A tragic ending to a story may be all the more reason to read it, especially when that story is true. Almost four hundred enslaved Virginians should have been freed upon the death of John Randolph in 1833. However, contestants to the will kept the enslaved in limbo for almost thirteen years. Even after the inheritance battle, those who had been freed were unable to find a refuge where they could freely live.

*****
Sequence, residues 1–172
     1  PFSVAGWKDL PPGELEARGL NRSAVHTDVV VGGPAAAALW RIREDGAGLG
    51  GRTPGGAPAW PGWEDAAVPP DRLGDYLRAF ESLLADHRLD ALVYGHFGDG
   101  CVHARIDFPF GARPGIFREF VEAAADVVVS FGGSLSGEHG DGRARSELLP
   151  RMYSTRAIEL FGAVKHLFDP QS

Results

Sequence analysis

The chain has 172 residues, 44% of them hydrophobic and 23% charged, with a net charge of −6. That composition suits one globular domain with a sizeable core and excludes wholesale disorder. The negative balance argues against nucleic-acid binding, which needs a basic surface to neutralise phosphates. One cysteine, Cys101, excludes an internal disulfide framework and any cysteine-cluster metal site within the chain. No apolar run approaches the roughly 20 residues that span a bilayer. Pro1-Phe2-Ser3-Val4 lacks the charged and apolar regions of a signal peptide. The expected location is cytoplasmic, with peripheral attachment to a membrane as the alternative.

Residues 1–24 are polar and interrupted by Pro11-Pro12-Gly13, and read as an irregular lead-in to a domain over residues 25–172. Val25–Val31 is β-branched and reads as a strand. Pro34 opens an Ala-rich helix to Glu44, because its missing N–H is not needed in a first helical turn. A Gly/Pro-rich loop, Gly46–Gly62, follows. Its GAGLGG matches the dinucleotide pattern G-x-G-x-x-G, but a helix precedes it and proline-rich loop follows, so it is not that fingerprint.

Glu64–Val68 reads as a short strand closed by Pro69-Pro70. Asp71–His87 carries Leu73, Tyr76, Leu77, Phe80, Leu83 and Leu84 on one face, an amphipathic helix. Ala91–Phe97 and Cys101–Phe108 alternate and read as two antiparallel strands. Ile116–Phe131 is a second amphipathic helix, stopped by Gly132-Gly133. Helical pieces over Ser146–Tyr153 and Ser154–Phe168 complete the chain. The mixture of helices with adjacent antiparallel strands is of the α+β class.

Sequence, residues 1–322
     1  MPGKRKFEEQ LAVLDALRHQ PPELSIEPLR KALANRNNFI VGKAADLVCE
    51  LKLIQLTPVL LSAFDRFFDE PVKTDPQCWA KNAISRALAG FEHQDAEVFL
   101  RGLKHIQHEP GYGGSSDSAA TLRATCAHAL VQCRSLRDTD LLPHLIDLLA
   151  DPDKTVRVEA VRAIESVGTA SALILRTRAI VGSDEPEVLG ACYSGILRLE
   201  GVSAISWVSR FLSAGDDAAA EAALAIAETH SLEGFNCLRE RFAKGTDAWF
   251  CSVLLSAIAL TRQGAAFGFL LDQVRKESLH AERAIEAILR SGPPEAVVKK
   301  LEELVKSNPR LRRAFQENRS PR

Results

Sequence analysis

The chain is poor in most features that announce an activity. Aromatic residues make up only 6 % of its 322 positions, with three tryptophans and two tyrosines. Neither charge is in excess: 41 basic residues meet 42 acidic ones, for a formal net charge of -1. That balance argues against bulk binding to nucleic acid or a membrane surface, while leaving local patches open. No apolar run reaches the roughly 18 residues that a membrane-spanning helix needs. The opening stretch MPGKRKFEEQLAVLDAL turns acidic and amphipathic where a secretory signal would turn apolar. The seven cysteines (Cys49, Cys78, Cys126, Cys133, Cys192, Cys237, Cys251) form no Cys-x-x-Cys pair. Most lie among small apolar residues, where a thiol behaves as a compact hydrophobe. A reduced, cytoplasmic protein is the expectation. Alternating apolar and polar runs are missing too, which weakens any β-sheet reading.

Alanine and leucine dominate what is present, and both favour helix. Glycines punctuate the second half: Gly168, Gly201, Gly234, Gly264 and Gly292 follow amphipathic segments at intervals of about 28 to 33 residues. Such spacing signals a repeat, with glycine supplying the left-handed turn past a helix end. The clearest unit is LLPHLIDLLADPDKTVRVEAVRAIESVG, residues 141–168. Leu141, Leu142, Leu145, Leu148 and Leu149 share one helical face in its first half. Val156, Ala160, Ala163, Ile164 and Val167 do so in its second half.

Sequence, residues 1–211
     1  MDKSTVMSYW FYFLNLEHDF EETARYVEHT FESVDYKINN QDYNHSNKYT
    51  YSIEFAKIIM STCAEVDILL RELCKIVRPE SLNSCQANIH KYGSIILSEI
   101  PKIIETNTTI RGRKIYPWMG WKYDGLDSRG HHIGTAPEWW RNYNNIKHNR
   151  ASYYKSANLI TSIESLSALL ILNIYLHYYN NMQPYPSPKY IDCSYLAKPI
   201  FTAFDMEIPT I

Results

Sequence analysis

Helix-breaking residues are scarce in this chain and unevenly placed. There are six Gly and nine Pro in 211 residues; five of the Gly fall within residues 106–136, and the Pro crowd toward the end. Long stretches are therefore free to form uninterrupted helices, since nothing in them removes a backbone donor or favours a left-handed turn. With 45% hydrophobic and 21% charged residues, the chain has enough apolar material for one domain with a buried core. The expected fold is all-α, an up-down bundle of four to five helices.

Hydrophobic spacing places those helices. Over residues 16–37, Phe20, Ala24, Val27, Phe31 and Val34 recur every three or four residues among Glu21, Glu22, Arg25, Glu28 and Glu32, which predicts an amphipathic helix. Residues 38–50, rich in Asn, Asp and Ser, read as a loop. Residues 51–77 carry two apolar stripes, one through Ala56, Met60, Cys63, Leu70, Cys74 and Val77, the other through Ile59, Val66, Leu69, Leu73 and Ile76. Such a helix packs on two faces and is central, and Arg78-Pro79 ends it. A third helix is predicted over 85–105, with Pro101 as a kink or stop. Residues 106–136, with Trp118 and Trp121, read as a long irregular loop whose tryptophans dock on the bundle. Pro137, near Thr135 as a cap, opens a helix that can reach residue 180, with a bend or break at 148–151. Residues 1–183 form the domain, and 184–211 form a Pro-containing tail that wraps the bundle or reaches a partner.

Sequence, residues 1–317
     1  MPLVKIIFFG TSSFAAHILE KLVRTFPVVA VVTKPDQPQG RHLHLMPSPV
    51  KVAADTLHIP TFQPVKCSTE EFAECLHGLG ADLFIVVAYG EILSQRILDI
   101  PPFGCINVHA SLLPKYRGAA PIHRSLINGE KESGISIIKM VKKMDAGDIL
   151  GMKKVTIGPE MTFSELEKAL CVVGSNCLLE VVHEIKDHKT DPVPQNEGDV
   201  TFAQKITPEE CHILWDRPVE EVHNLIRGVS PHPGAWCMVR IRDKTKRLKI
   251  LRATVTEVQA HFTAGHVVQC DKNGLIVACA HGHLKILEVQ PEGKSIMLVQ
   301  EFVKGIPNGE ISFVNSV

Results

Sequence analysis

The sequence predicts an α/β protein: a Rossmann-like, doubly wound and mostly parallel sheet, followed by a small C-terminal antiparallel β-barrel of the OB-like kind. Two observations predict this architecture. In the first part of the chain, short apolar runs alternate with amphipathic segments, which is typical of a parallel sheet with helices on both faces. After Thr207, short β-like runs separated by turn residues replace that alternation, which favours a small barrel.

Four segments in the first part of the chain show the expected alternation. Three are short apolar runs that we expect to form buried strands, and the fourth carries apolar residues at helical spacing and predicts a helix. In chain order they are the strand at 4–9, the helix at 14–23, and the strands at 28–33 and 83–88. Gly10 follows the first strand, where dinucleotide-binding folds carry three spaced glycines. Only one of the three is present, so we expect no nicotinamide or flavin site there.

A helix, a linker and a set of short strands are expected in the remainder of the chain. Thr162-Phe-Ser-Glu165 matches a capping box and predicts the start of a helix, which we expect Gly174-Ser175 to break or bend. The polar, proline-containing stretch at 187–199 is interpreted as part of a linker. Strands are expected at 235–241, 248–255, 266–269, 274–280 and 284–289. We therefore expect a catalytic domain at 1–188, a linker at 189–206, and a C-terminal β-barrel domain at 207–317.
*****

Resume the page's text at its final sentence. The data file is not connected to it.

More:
The majority of the book details the legal wranglings over the will. Not only were societal norms in favor of slavery, but the laws themselves erected almost impassible barriers, even when manumission was legal. The cast of characters is long, and hard to keep straight (the Appendix of People and Places helps), but May is even-handed in his treatment of each and careful in his theorizing, allowing you to draw your own conclusions. This leads to a powerful denouement, where even the eventual freedom does not lead to respite. It is a dense and convoluted tale, but author Gregory May takes pains to help you understand it. Ultimately, although the arguments seem complex, it is the complicity of the majority that upholds such a miscarriage of justice.